Vermont House gives preliminary approval to mandatory school district mergers

The Vermont House on Wednesday endorsed a bill that would require many school districts in the state to merge with their neighbors, in hopes of trimming costs and expanding the range of class offerings available to students.

The bill advanced on an 88-55 roll call vote. It is up for final approval on Thursday before moving to the Senate. It says districts should have a minimum of 1,100 students and serve students from preschool through grade 12. It is expected to reduce the number of school districts, which now would be called "integrated education systems," from nearly 300 to 50 or 60.

While the bill's provisions are mandatory, the state Board of Education could issue exemptions to districts pleading special circumstances.

Backers pointed to an analysis from the Legislature's Joint Fiscal Office indicating the changes could save the state between $32 million and $54 million a year in school costs. They also said they wanted to address a situation in which some Vermont schools are so tiny they have trouble mustering the staff and students for a third foreign language or a calculus class.

Similar legislation passed the House last year but died in the Senate.

Rep. Dave Sharpe, D-Bristol, the chairman of the House Education Committee, said many regions around the state had evolved into groups of five or so towns, with one serving as the center of commerce and social life. "Isn't it time our schools caught up with that?" he asked.

Some of the debate Wednesday focused on whether inter-district mergers should be voluntary, rather than mandatory. Rep. Cynthia Browning, D-Arlington, introduced an unsuccessful amendment to make them voluntary.

She asked how Vermont would feel if Congress issued a similar edict: "You guys are really small. ... We think you should merge" with a neighboring state.

Sharpe replied that incentives for voluntary consolidation had not worked.

"A voluntary process might work out in 100 years, but frankly we don't have 100 years. The crisis is now," he said.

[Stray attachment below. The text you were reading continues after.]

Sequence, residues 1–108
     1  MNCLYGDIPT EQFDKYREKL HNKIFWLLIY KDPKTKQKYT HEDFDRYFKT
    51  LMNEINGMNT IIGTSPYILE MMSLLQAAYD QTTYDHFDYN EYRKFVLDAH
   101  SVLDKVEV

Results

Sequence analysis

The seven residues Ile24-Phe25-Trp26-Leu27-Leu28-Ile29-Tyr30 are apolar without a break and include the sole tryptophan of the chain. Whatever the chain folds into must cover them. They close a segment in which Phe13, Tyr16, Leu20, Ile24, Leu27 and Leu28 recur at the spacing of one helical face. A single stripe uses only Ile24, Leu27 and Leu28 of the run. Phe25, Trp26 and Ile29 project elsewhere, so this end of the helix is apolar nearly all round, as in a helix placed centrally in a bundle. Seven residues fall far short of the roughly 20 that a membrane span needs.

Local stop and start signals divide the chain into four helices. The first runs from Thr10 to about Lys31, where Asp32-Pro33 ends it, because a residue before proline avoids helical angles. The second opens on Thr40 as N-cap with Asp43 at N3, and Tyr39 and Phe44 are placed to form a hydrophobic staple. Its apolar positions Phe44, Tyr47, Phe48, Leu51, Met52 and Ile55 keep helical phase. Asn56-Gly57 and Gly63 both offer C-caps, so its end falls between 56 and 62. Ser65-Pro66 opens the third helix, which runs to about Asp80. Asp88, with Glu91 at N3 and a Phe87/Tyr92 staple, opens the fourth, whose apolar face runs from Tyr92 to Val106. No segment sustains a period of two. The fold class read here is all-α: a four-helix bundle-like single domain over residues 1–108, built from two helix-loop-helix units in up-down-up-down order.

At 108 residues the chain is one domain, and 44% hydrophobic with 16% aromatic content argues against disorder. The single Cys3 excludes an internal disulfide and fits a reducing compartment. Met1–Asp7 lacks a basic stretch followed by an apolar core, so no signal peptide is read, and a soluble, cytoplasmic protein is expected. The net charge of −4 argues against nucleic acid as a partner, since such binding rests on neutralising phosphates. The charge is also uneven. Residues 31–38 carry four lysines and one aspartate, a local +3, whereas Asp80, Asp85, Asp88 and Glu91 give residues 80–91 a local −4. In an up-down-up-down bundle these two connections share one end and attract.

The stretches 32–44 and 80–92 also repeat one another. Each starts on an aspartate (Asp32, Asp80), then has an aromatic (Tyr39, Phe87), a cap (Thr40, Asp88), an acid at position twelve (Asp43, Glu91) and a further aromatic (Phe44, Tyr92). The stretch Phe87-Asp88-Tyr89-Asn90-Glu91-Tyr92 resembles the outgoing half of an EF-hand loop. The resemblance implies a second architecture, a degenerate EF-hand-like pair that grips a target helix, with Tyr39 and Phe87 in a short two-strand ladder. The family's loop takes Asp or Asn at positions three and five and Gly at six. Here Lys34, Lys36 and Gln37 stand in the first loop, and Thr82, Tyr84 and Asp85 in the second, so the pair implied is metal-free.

Many lawmakers said rising school costs and property taxes were the top issues on voters' minds during last year's elections.

Minority Republicans said the bill did not do enough to get costs under control.

Rep. Heidi Sherman, R-Stowe, lamented that her efforts to bring about comprehensive reform had failed.

"Too many here did not believe the system was completely unsustainable, did not believe the system was broken, did not believe it needed real reform," she said.

The bill sought to address two big complaints about Vermont's current system for determining how much property owners pay: the complexity of the system and sharply rising tax bills.

It sets new caps on district spending growth, but despite provisions aimed at making tax calculations simpler, not all complexity would be lost. The bill does not touch the state's "common level of appraisal" system, in which a division of state government makes adjustments when cities and towns don't keep up with changes in property values.

The bill also includes a provision exempting districts that close schools after mergers from the longstanding requirement that they refund to the state some of the construction aid they got to build the now-closing school.

That drew a complaint from Rep. Christopher Pearson, a Burlington Progressive, that the Legislature had not studied how much money the state might lose by forgoing those school construction repayments.